Penelope Duerksen-Hughes on women in science

"Resist the urge to see [new mothers in the lab] as lost causes who are personally responsibility for having made poor, career-jeopardizing choices."

- Penelope Duerksen-Hughes, writing in The Scientist

In the most recent issue of The Scientist, the leaky pipeline for female biomedical researchers is once again in the spotlight. Duerksen-Hughes, above, a professor at Loma Linda University, was writing in to join her voice to other readers giving advice on how to encourage women to stay in science.

Other tips provided by Laura Mays Hoopes, a professor at Pomona College, were specifically aimed at men. These included recommending women to speak in the departmental seminar or the conference you’re organizing; not looking over the shoulders of females who are trying to explain their work to you at poster sessions; and choosing a female scientist to ring up and chat about your latest result, or to invite to lunch, instead of one of your male cronies. If you want to nominate someone for an award, nominate a woman; according to an accompanying article by Phoebe Leboy, only 8.6% of the Lasker Prizes given out since 1991 have gone to women, and among 474 types of science awards available, a full 33% have never once been awarded to a female. And if you can’t think of a nominee, that’s no excuse: Hoopes says you can contact her and she’ll give you some ideas personally!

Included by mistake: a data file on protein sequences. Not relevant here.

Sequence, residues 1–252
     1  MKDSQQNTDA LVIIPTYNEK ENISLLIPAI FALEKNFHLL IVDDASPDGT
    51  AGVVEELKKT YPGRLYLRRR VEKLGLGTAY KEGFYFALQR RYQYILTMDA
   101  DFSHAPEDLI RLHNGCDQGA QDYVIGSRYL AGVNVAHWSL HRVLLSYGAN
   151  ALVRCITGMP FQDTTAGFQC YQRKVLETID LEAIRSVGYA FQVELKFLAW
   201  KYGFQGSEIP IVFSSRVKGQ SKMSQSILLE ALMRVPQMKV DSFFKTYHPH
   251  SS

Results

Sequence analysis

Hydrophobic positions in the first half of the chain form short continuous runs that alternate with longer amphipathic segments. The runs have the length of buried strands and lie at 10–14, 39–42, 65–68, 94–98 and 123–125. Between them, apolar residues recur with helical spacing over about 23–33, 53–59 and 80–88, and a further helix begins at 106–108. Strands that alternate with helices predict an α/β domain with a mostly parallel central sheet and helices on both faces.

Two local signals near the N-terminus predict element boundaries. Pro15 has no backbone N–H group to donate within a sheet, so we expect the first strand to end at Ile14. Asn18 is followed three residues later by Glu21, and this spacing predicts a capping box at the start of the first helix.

The woman-in-science theme of this issue extended to Richard Gallagher’s editorial, in which he recounts belatedly realizing that only 14% of The Scientist’s editorial advisory board are female. From now on, he vowed, positive discrimination would be in force until the percentage reaches one-third, hopefully by the end of 2008.